I put the camera away until the last few songs and tried again. I was miles away from the stage but managed to get a few nice shots. My local paper saw one on my Twitter feed and asked if could they publish it. Think they were more interested in Taylor Swift than me.


What gear to you use?

I’m a Canon shooter. I currently shoot of a 5D mk iii. It’s funny because I often get asked if I’m a Canon or Nikon guy. I’ve never owned a Nikon. Think you tend to stick with what you start with as you spend so much on glass. For lighting, I use Elinchrom. Love the quality of the light and it’s so reliable. I use Elinchrom strobes in the studio and have a smaller battery set for location and weddings.

What is your favourite part of being a photographer?

Handing over a finished product to my customer is the highlight for me. Whether it is something that will be hung on their walls for generations or a wedding album which will be treasured forever, the moment of joy and excitement that is shown is fantastic.

And least favourite?

Airbrushing. I know some photographers who love doing it, it’s like colouring in for them but I hate it.


What’s the least best thing that has ever happened at a wedding?

I photographed a wedding in Belfast a couple of years ago. The couple wanted to go around the touristy spots for their bridal photos. At the time, I didn’t know Belfast that well so I grabbed my cameras and got a lift with the bride and groom in the front seat of their classic car that was hired for the day. The journey lasted about thirty seconds before there was a loud noise from the car. The steering wheel had broken. The car could drive forwards and backwards but couldn’t make a turn. The driver was a bit shocked as were the bride and groom.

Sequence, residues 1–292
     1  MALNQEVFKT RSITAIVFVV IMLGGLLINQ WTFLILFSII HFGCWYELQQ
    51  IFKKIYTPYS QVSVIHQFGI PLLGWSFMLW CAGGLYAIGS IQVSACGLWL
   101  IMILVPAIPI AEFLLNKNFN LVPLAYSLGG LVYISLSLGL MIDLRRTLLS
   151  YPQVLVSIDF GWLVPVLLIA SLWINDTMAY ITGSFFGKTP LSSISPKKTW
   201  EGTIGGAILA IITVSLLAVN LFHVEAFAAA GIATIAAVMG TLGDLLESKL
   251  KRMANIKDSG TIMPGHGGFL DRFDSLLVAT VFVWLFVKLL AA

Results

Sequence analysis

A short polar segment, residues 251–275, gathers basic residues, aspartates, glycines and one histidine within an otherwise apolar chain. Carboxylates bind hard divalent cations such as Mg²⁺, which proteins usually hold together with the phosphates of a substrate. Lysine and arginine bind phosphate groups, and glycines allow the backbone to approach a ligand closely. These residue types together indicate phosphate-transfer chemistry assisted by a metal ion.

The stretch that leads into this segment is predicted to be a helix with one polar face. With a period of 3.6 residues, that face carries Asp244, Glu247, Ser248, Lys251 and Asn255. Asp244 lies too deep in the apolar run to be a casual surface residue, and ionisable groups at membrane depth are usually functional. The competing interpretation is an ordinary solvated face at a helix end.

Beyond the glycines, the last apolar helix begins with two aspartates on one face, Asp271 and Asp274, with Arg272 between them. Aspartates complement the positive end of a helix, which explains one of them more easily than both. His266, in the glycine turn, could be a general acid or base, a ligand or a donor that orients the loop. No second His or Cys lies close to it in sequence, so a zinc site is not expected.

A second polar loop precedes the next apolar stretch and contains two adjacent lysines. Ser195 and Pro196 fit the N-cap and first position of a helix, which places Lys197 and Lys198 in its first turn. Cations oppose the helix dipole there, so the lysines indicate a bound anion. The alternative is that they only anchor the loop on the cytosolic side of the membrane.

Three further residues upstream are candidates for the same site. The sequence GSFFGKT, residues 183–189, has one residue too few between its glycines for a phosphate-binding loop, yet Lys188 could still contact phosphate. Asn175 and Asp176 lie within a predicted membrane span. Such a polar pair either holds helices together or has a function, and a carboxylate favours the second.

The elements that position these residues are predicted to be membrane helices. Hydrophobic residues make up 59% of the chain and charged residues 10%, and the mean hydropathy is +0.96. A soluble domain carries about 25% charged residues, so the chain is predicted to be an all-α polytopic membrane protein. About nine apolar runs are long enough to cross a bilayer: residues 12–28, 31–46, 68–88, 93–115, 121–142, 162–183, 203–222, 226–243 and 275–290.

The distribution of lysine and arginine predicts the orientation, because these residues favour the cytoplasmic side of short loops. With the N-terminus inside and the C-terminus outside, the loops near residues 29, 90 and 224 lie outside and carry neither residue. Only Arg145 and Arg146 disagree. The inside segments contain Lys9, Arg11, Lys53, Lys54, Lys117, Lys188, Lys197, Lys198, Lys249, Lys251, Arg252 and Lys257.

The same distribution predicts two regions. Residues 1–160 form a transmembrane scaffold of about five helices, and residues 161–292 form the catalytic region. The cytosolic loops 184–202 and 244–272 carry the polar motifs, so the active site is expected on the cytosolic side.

We all jumped out of the car and left the driver with his broken car as he called for help in the busy rush hour traffic. We ended up doing the photos at City Hall, which turned out to be really pretty. On the walk back to the venue, I spotted a bus stopped in traffic and asked if I could get the bride and groom in for a quick snap. The bus lady obliged and in the end, it turned out well and we got some great shots. I still have the bus shot on display at my studio.


What made you join the PPANI?

Being brutally honest, I joined to try to become a better photographer. I didn’t know a lot about the organisation and thought that the training and seminars which are included would be good value.

After being in the organisation for a couple of years or so, I feel the benefits of membership are huge. There are loads of great reasons to be a part of the PPANI but I’d say that networking is probably the best thing about being a member. I’ve met lots of other photographers within the organisation who really inspire me and to be able to chat to them off and on is a great help and really keeps you on your toes. The best photographers in Northern Ireland are members of the PPANI and some of the greatest are Derry photographers.

Finally, who’s next?

Ciaran O’Neill. Really looking forward to his interview. I can’t wait, as I know that he’s one of the best photographers in Northern Ireland and of course, one of the coolest!


To see more of Shea’s work, visit his site at www.SheaDeighanPhotography.com or visit his PPANI profile page.